There isn't much that rockabilly legend Wanda Jackson hasn't done.
At 75, she's a Rock and Roll Hall of Famer who's worked with talent from Johnny Cash to Jack White, recorded songs in four different languages and gone for a spin in a Cadillac with the King. All the while, Jackson has remained humble and deeply devoted to her faith, rock 'n' roll, and her husband of 50 years, Wendell Goodman. But the Queen of Rock shows no signs of hanging up her fringed blouse anytime soon.
Speaking from her Oklahoma City home the night before embarking on a short tour that includes her stop in Richmond, she's soft-spoken but full of kick. "I haven't learned how to pack right after 56 years," the singer says, laughing.
Her 31st studio album, "Unfinished Business," finds Jackson charged up on wide-ranging covers. There are blues cuts, such as Freddie King's "Tore Down," and the folksy "California Stars," from Wilco and Billy Bragg's 1998 Woody Guthrie project, "Mermaid Avenue." Jackson's signature growl sounds just as ferocious as it did back in the '50s, thanks in part to the production of Justin Townes Earle.
"He's such a cool guy," Jackson says. "Even though we were both real busy at the time, he wasn't rushed at all." The singer notes that the difference between Earle and Jack White "was the difference between black and white." White, who's been a fan of Jackson since he was 15, was a bit tough on the legend.
"Jack is very focused and it's not that he isn't jovial, but he's all business when that red light comes on," she says. "He pushed me into the 21st century."
She credits him with bringing in legions of new fans, including Adele, who asked her to open a handful of dates on her last tour.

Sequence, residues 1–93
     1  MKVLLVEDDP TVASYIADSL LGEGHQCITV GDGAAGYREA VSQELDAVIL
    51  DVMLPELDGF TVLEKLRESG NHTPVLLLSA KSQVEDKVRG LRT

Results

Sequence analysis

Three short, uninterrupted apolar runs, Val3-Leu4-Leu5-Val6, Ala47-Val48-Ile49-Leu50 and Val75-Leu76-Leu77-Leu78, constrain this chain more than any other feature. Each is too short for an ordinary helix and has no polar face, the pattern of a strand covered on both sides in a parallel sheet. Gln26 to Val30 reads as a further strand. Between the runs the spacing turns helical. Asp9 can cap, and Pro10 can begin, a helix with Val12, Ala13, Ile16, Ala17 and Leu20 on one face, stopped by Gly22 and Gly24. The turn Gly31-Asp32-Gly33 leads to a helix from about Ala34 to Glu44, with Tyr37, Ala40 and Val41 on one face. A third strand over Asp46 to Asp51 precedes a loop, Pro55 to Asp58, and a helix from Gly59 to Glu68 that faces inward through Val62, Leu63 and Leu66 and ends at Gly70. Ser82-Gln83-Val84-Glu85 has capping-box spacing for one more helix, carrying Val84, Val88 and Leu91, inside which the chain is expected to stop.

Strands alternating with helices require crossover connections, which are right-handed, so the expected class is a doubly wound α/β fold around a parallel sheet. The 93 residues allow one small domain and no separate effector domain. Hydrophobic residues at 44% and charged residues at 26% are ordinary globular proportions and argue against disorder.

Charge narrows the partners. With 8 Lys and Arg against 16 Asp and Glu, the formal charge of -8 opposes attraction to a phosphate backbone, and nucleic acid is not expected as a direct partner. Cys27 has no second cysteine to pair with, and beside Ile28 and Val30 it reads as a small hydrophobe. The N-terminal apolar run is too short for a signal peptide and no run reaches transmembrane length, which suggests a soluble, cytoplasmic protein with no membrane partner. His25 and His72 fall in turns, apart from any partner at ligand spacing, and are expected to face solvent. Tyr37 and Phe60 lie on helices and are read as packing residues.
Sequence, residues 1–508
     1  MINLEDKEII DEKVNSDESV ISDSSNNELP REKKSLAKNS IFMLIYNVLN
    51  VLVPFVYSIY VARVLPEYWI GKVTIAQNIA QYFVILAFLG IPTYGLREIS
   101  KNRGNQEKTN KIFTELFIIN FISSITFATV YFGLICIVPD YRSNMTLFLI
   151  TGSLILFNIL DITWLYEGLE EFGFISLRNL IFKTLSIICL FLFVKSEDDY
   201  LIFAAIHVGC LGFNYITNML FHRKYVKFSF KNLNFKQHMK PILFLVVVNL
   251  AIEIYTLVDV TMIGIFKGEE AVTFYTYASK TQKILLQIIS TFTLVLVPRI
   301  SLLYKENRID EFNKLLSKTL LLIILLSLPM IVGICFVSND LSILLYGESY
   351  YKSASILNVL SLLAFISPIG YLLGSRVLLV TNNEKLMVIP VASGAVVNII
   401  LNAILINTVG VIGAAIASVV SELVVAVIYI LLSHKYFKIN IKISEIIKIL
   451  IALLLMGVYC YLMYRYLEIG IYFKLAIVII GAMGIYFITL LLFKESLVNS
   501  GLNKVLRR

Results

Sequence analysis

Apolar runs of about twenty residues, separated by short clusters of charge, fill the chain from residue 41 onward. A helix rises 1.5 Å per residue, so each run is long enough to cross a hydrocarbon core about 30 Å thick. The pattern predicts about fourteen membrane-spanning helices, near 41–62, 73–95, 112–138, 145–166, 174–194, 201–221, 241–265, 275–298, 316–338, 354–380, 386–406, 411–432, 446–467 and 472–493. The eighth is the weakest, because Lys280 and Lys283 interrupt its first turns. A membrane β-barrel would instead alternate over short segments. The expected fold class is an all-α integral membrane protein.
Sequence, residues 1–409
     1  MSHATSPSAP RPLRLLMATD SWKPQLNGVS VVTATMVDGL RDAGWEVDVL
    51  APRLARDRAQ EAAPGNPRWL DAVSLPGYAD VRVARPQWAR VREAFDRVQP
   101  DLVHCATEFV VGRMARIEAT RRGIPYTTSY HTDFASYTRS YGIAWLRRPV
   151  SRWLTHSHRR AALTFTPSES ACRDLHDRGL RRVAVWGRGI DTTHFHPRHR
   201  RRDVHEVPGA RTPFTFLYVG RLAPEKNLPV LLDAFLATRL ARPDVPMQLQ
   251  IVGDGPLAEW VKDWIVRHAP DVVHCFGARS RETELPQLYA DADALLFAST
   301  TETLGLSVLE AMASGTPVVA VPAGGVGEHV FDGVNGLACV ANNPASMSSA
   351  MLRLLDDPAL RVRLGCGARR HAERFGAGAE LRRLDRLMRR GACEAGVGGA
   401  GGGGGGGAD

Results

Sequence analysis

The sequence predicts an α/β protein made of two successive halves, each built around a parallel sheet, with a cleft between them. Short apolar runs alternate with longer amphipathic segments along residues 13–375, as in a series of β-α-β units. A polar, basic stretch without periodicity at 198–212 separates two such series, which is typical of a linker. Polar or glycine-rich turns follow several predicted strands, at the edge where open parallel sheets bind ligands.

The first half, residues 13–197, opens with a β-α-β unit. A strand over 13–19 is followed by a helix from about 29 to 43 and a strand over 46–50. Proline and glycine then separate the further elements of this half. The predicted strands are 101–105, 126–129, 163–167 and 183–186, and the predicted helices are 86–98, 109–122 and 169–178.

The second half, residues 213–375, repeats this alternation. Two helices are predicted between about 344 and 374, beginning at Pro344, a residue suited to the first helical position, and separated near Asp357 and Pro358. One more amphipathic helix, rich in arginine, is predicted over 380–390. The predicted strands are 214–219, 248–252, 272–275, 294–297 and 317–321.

"I was so flattered that she asked specifically for me," Jackson says. "She's a sweet gal and I'm glad to say I know her. She's influencing me in ways that are hard to describe. I'm a stronger, more in control person having known her."
Jackson says she's thrilled to be in a position of influence, in many ways paying forward the good advice once bestowed upon her by Elvis Presley.
"He picked me up in a pink Cadillac to take me to his home on Audubon Drive one afternoon when were working in Memphis," Jackson recalls. "This sounds terrible, but we spent the afternoon in his bedroom listening to records. His mom was home, so it was all above-board."
"At one point," she says, "he got his guitar out and sang for me to give me a feel for this music we were all calling Elvis-style music. You have to remember that the style of music didn't have a name at that point, because it was so new," she says. "Some people called it 'music from hell,'" she adds, laughing.
The two dated, and Presley offered career advice. Jackson finally got the nerve to try it.
"No matter how hard I tried, I was spinning my wheels," Jackson says. "When my record came out, I couldn't get airplay. It was a boys' club. They didn't even like rock 'n' roll like Elvis or Jerry Lee, so they sure weren't going to play a teenage girl doing this music. ... They weren't giving me credit or even acknowledging me. That hurt. I just kept wondering: 'If a guy can do this, why can't they play me?'"
Albeit brief, things finally came together for the feisty teenager when the song "Let's Have a Party" charted in 1960. While she never became a red-carpet celebrity, Jackson accomplished something much more special as a pioneer for the rockabilly genre and icon for women in music.
And Jackson may become a superstar just yet. She's positively giddy when she shares news about her next venture, a Hollywood bio-pic. "This thing has been laid in my lap," Jackson says. She's working with a screenwriter to ensure all of the details are laid out just right, including who will portray her in the film. "When they asked me who I had in mind to play me and Wendell, I said Angelina Jolie for me and George Clooney to play Wendell." She adds, "Who knows, she just might go for it!" S
Wanda Jackson performs at the Capital Ale House Downtown Music Hall with Jonny Fritz on Wednesday, Dec. 12. Tickets are $20 in advance and $25 the day of the show. Doors open at 7 p.m., show starts at 8.